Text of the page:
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Re: how expressive are they?

Noel Welsh writes:
> (xml-macro book
>      (xml-rules
>       ((_ title: bt
>           (poem title: t poet: a tag: m
>                 (stanza (line l1) (line l) ...) ...) ...)
>        (xml-template
>           (h4:html
>            (h4:head (h4:title bt))
>            (h4:body
>              (h4:h1 bt)
>              (h4:p) "Table of Contents:"
>              (h4:ul (h4:li (h4:a h4:href: (string-append "#" m) t)) ...)
>              (h4:div (h4:p) (h4:a h4:name: m) (h4:strong t) (h4:br) (h4:em a)
>                      (list (h4:p) l1 (list (h4:br) l) ...) ...) ...))))))
> Rewrite that as succinctly and clearly in
> Perl/Smalltalk/your-favourite-PL

First, I want to point out that I had to read the R5RS section on
macros to understand the ... bits, and then I still didn't understand
them --- I had to read some of the examples.  I finally understood ...
when I read the definition of "let" as a macro.  It still took me a
fair bit of C-M-n and C-M-p to see what the scope of the ...'s in the
template were, so I think the clarity leaves a bit to be desired.  I
certainly can't complain about the succinctness, though.

You could rewrite the pattern without macros as follows:

(lambda (book)
   (h4:head (h4:title (book 'bt)))
    (h4:h1 (book 'bt))
    (h4:p) "Table of Contents:"
    (h4:ul (lambda (poem) 
	       (h4:li (h4:a 
		         h4:href: (string-append "#" (poem 'm)) (poem 't)))))
    (lambda (poem)
	(h4:div (h4:p)
		(h4:a h4:name: (poem 'm)) 
		(h4:strong (poem 't)) (h4:br) (h4:em (poem 'a))
		(lambda (stanza)
		    (list (h4:p) (stanza 'l1) 
			  (lambda (line) (list (h4:br) (line 'l))))))))))

I find this clearer, though admittedly it contains more characters,
and I wrote it, so I might suffer from some bias here.  The ...'s have
become lambdas, because their bodies get evaluated zero or more times,
as determined by the number of times something[0] in the pattern

So we can rewrite the whole thing more clearly as follows, in Scheme
without macros:

(define book 
    `((_ title: bt
	 (poem title: t poet: a tag: m
	       (stanza (line l1) (line l) ...) ...) ...)
     ,(lambda (book)
	(h4:head (h4:title (book 'bt)))
	 (h4:h1 (book 'bt))
	 (h4:p) "Table of Contents:"
	 (h4:ul (lambda (poem) 
		  (h4:li (h4:a 
			  h4:href: (string-append "#" (poem 'm)) 
			  (poem 't)))))
	 (lambda (poem)
	    (h4:a h4:name: (poem 'm)) 
	    (h4:strong (poem 't)) (h4:br) (h4:em (poem 'a))
	    (lambda (stanza)
	      (list (h4:p) (stanza 'l1) 
		    (lambda (line) (list (h4:br) (line 'l)))))))))))))

I'd still rather write it like this:

class book(xmlmacro):
    def book(self, book):
        return h4.html(
                h4.p(), "Table of Contents:",
                    [h4.li(h4.a(poem.title, href=("#" + poem.tag)))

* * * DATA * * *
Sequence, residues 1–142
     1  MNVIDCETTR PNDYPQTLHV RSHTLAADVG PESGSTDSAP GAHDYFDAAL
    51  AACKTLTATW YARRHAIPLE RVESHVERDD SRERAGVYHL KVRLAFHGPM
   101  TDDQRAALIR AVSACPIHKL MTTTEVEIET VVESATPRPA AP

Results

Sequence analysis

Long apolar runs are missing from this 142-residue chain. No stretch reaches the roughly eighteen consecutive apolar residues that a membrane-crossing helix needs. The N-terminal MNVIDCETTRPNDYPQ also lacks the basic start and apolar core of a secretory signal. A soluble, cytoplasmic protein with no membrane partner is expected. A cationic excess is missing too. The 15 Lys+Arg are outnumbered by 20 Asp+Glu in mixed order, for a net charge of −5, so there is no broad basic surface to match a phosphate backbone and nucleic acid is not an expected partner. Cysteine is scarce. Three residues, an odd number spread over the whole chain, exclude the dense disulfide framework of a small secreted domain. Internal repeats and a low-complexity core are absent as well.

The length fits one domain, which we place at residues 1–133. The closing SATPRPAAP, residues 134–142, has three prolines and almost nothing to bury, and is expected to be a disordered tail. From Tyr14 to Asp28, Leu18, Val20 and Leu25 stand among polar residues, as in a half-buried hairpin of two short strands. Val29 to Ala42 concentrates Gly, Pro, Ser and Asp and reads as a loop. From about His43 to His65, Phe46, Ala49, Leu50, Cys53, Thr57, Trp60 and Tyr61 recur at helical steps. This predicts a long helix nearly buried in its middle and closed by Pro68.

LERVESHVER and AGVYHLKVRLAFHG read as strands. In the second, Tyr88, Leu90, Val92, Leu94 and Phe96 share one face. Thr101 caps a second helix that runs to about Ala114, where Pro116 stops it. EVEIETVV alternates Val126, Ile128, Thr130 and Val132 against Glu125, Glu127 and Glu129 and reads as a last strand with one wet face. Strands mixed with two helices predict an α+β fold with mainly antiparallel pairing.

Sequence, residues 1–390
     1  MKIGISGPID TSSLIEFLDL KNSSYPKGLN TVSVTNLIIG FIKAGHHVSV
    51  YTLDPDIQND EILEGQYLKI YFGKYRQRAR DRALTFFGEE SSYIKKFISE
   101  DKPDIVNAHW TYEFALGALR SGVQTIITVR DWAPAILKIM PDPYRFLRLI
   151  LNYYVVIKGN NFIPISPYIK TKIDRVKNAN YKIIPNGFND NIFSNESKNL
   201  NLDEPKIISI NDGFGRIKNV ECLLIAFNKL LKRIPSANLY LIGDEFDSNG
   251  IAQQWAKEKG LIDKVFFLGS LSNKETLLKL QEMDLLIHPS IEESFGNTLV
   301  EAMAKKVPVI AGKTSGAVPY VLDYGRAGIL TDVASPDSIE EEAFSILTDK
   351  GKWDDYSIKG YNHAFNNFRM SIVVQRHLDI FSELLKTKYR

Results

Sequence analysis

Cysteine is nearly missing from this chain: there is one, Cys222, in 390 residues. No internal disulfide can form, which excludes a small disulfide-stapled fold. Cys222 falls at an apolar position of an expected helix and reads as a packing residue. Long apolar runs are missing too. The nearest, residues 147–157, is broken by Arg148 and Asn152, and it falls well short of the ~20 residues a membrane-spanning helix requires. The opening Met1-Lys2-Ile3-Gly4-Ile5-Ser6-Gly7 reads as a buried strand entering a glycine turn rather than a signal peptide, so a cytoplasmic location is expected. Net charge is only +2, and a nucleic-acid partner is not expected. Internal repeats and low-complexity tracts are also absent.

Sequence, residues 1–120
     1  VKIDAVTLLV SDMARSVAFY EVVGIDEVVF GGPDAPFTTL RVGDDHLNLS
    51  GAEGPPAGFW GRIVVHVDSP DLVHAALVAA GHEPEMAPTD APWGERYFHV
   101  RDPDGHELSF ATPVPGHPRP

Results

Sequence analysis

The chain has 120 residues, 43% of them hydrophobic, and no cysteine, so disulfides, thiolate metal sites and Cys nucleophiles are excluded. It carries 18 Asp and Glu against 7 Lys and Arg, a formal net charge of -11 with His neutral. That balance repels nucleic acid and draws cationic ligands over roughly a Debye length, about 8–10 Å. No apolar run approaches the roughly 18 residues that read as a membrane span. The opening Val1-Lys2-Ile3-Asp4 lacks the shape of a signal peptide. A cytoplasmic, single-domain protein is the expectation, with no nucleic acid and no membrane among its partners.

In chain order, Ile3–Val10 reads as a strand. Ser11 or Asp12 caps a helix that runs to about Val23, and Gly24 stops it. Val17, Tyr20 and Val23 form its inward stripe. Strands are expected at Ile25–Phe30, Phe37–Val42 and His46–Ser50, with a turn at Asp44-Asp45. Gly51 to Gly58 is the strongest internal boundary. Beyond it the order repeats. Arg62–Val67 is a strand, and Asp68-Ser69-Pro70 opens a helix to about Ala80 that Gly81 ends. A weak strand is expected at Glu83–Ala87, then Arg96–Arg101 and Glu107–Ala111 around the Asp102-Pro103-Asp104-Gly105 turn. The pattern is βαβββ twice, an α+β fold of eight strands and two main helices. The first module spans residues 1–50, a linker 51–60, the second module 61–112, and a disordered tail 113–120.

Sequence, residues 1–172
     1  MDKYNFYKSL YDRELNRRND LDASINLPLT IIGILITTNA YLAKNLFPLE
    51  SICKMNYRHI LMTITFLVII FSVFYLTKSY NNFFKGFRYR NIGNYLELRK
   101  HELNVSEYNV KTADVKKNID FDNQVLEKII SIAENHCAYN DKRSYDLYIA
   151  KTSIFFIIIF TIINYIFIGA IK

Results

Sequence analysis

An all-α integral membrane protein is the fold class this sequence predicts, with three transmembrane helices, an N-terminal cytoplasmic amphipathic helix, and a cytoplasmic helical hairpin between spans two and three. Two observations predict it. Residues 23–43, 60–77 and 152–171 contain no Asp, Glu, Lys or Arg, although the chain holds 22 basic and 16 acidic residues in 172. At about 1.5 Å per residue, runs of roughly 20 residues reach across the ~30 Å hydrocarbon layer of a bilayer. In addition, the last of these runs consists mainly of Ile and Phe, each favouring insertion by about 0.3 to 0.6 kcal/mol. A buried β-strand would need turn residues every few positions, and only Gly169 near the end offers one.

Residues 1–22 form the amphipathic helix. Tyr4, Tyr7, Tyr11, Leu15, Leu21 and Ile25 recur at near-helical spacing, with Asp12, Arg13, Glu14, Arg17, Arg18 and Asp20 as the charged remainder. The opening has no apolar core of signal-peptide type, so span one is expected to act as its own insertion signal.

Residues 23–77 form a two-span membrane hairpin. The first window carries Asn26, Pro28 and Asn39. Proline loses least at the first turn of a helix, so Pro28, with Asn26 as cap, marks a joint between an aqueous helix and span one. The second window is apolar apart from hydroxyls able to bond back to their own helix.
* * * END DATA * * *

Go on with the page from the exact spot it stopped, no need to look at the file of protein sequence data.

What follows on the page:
for poem in book.poem]
                [h4.div(h4.p(), h4.a(name=poem.tag), h4.strong(poem.title),
                        h4.br(), h4.em(poem.poet),
                        [(h4.p(), stanza.line[0],
                         [(h4.br(), line.content) for line in stanza.line[1:]])
                        for stanza in poem.stanza])
                for poem in book.poem]

I can read that much more easily, even though it contains 30% more

I wrote most of the output side of that a couple of years ago, except
for the flattening bit, and I think I could write the input side
quickly.  I guess I'll post it to kragen-hacks when I get a chance.
It works in ordinary Python, no macros.

I'd like it better if I could write the list-comprehensions another way:
    for poem in book.poem:
        h4.li(h4.a(poem.title, href=("#" + poem.tag)))
but you gotta do what you gotta do.

[0] "Something"?  That sounds like a problem.  It happens to work for
this simple example, because all the ...'s in the pattern nest neatly
inside one another, but it runs into trouble when there are a couple
of different things that might repeat different numbers of times in
the input.  The normal macro-expander can look inside the ...ed
template block to see which pattern variables it uses, then ensure
that they match the same number of times in the input, but some poor
template engine that only gets lambdas can't do that.

In the Python version, I specified what each iteration construct
iterated over, so I didn't have that problem.

<kragen@pobox.com>       Kragen Sitaker     <http://www.pobox.com/~kragen/>
Edsger Wybe Dijkstra died in August of 2002.  The world has lost a great
man.  See http://advogato.org/person/raph/diary.html?start=252 and
http://www.kode-fu.com/geek/2002_08_04_archive.shtml for details.